Change in Dorset parking charges ‘will see some winners and some losers’

parkingCHANGES to parking tariffs throughout Dorset will see some winners and some losers – according to the senior councillor leading the project.

Overall many people, including visitors to the county, are likely to find themselves paying more – although a slimmed down permit system might help some local people as 70 existing permits are scrapped to be replaced by just two.

Portfolio holder Cllr Ray Bryan says no date has yet been set for the changes and no firm decisions made, although it is likely that the new rates will be introduced in the New Year.

He said the council is determined to have the same rules in place across the county, doing away with the previous charging structures from the predecessor six councils.

He commented: “It currently varies greatly. It’s very confusing for residents and for visitors… in some places you can park for free all day, in others it costs £9.”

As the proposals stand some places will see bigger increases than others; for example, in Wimborne residents are complaining that their current £80 a year pass will go up, for most, to £260 a year; while Verwood residents will see car parking charges introduced for the first time.

Shaftesbury is unhappy that it has been included in a higher tariff band than neighbouring Gillingham.

Several councillors have warned that if the charges are pushed too high people will try and park for free in side streets, adding to congestion for residents.

This is one of the concerns in Lyme Regis, where all-day charges in Dorset Council owned car parks are set to increase to £10, having already been hiked from just £2 to £8 this year.

But Cllr Bryan says if parking in residential streets becomes a problem, Dorset Council will be quick to react and introduce parking restrictions to stop it.

He says a further phase of the parking review is likely to look at finding allocated spaces for motorhomes and camper vans where they can, legally, stay overnight and to find more space for lorry parking.

He said the council might also look for suitable sites for multi-storey parking and other ways of boosting revenue from its parking areas. It will also look at smartening up some car parks, including adding lights to those which are poorly lit.

Cllr Bryan says any extra income will be used to help the £60million annual highways budget, only £3million of which comes from local council taxpayers.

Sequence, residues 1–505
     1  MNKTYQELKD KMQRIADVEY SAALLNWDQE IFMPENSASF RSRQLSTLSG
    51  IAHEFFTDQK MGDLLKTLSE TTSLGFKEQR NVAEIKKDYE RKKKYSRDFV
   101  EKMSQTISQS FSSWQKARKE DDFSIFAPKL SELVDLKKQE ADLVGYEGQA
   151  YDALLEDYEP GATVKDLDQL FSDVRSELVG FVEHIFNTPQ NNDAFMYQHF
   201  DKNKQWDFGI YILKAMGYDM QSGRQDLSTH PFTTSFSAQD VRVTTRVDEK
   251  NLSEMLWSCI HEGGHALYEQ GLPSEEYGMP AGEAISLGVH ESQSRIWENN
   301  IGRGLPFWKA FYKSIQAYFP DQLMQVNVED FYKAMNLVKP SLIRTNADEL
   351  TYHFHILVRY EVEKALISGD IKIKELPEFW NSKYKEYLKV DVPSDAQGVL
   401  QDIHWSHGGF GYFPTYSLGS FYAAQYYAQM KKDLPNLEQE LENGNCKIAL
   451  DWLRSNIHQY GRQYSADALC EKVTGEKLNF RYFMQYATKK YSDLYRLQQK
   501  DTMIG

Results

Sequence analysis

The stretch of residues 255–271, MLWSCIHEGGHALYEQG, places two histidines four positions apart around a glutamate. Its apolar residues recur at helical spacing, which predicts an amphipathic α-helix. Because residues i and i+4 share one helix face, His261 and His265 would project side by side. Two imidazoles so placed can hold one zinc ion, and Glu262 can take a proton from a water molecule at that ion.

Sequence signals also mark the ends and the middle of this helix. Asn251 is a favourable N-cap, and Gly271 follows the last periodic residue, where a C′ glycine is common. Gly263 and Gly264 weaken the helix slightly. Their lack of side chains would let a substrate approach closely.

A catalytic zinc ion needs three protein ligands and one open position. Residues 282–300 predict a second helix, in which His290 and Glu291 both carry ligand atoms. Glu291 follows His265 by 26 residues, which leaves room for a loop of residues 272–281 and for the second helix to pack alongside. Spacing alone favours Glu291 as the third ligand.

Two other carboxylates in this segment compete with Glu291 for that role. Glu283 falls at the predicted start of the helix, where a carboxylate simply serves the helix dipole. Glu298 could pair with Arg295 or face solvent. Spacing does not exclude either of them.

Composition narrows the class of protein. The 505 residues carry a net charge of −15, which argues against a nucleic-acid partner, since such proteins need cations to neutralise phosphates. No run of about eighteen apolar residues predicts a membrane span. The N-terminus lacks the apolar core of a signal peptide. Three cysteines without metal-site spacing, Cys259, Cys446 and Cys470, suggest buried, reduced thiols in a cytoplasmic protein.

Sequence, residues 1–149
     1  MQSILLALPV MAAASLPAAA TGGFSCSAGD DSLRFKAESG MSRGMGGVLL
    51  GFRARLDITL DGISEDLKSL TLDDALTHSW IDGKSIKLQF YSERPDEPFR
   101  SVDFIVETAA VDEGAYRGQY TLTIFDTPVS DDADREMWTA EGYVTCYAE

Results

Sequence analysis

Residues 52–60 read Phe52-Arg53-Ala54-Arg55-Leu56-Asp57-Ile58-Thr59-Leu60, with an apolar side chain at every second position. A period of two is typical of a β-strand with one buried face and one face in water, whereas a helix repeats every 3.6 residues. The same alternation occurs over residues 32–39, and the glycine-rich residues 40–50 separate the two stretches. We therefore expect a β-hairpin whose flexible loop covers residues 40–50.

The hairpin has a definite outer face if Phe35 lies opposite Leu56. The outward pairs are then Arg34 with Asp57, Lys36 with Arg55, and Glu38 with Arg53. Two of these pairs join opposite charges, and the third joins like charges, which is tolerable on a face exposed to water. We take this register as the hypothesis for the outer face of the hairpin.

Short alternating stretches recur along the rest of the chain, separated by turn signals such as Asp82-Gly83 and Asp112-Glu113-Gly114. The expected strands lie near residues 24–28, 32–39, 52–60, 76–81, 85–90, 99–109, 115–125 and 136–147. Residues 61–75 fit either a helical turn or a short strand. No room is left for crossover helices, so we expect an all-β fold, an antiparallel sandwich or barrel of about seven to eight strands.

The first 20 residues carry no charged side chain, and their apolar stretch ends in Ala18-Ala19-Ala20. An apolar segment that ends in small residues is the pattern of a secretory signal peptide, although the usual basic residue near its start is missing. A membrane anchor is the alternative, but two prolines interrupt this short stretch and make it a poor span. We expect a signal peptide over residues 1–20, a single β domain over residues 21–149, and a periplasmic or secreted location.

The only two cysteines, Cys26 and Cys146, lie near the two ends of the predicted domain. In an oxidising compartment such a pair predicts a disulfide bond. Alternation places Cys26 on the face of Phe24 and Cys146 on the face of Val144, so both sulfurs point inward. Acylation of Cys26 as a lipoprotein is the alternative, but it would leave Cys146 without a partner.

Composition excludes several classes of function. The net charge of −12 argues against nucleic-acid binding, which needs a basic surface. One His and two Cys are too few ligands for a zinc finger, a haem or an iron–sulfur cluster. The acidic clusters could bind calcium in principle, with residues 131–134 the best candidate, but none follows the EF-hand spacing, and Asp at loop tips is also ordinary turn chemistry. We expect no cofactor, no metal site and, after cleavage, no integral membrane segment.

He says a new ‘pop and shop’ permit, costing £78 for the year, will allow up to two hours a day in short stay parking areas while a ‘live, work and play’ permit will allow limited access to short-stay parking and full access to long-stay parking for £260 a year.

Tourist car parks will be charged at the highest rate of £10 for ten hours in the high season, £6 maximum in the low season and will cover Weymouth’s car parks nearest the beaches, Corfe Castle, Lyme Regis, some Portland car parks, Lyme Regis and West Bay.

The next tier down has low and high season rates and will be charged at a maximum of £6 for 10 hours, £3.50 for four hours. These include Dorchester, Blandford, Bridport, Shaftesbury, Sherborne, Wareham, Weymouth (non beach) and Wimborne.

The lowest tier, for Beaminster, Charmouth, Ferndown, Gillingham, Sturminster Newton, Verwood and West Bexington will also be seasonal, up to a maximum of £10 for Charmouth and West Bexington for ten hours, or £4 off season.

Hourly charges at these car parks will be £1 for two hours in the low season and £3 for two hours in the high season.

A range of new charges are also proposed for on-street parking, controlled by the council, at a maximum of £8 in some areas, £12 in others, with an additional charge of £2 and £4 for overnight parking.

By Local Democracy Reporter Trevor Bevins

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